New Speyside Whisky Collection Gives A Taste of the Wild
Speyside Distillery has launched a range of “luxury” whiskies featuring images of local wildlife.  The move marks the first time that the distillery, in Kingussie, has produced a limited edition single malt collection.  Bottles in the collection feature portraits of the wildlife found near the distillery and complement the original art which features in the company’s new base in Glasgow’s art district.  The artwork has been created by Joanna McDonough, Prince’s School of Traditional Arts’ graduate and Speyside Distillery’s artist in residence. The Speyside wildlife collection is being rolled out in support of the school. Distillery chief executive John McDonough said: “The new collection emphasises the strong connection we have with the school and the wonderful and beautiful natural environment in which we create our single malt whisky.”

Data Reveals Risk to Scotland’s Coastline
Nearly a fifth of Scotland’s coastline is at risk of erosion, threatening some of the country’s most prized land and infrastructure within the next 30 years.  The potentially devastating effects of climate change and coastal erosion came to light after experts from the Scottish Government, Scottish Natural Heritage (SNH) and the University of Glasgow studied coastlines dating back to the 1890s, to plan for the future of Scotland’s coastal landscape. The ‘Dynamic Coast: Scotland’s National Coastal Change Assessment’ (NCCA) tool uses more than 2,000 maps and one million data points to make its predictions. It identifies past erosion and growth rates, and projects the data forward to show the potential change to Scotland’s coastline.  Environment Secretary Roseanna Cunningham said: “Since the 1970s the rates of coastal erosion has doubled, and that pace will not slow down anytime soon. In fact, it will probably get worse and faster.  The Dynamic Coast tool is a great new innovation that could help protect existing infrastructure and heritage sites from significant environmental change and damage.  More than 9,000 buildings, 500 kilometres of road, 60 kilometres of rail track, 300 kilometres of water supply lines and vital airports runways, such as Islay, are protected by natural defences; however some of these already face serious damage and it’s vital that local authorities, transport agencies and other planning bodies investigate how they can work together to manage coastal change before it’s too late.” Prof Jim Hansom, principal researcher from the University of Glasgow, said: “Since the 1970s the extent of erosion is up 39 per cent, the erosion rate has doubled and accretion extent (growth of sediment deposition) is down 22 per cent. This is what we’d expect with climate change. That means we are seeing a net loss of our coastline. The clock is ticking and we need to start adapting to avoid unnecessary costs.”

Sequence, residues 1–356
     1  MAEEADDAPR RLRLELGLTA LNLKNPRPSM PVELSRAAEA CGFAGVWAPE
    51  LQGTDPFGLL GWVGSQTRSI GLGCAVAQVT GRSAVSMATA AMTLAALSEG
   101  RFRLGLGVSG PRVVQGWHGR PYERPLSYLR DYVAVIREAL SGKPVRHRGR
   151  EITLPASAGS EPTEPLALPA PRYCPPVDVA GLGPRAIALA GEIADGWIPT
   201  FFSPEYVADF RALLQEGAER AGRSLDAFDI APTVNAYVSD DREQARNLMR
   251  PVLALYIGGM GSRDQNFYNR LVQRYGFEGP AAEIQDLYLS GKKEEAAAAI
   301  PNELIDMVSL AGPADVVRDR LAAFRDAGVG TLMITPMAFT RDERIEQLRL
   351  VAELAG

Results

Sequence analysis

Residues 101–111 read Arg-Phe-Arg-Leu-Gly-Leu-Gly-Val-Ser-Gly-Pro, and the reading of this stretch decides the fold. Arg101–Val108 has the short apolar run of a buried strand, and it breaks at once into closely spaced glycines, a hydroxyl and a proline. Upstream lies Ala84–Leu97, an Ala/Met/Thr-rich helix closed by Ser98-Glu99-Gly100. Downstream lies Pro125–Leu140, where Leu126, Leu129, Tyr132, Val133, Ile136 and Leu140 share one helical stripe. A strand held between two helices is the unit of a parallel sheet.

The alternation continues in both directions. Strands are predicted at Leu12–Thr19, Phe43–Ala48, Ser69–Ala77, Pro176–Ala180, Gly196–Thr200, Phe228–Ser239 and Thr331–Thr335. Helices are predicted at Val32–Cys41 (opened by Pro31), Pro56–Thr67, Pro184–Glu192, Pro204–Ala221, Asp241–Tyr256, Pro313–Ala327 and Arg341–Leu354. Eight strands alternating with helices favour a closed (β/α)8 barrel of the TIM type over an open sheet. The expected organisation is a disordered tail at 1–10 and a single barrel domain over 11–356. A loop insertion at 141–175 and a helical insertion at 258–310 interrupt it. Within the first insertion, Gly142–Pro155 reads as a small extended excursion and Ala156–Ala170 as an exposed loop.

Scotland’s Private Sector Output Growing Fast

Scotland’s private sector is “moving up a gear” with output in July rising at the fastest pace in almost three years, according to a new report.  Businesses put the growth down to stronger expansions in both the services and manufacturing sectors. The findings are contained in the Bank of Scotland’s regional purchasing managers’ index (PMI) for July. The index, which produces a single-figure measure of the month-on-month change in combined manufacturing and services output, rose from 51.1 in June to 53.8 in July – the highest since October 2014. Fraser Sime, regional director of Bank of Scotland commercial banking said: “This good news was fuelled by the service sector returning to meaningful growth, alongside a faster increase in manufacturing output.” Job creation remained positive for the second month running, he added.

Salmon Exports Leap Ahead to Record High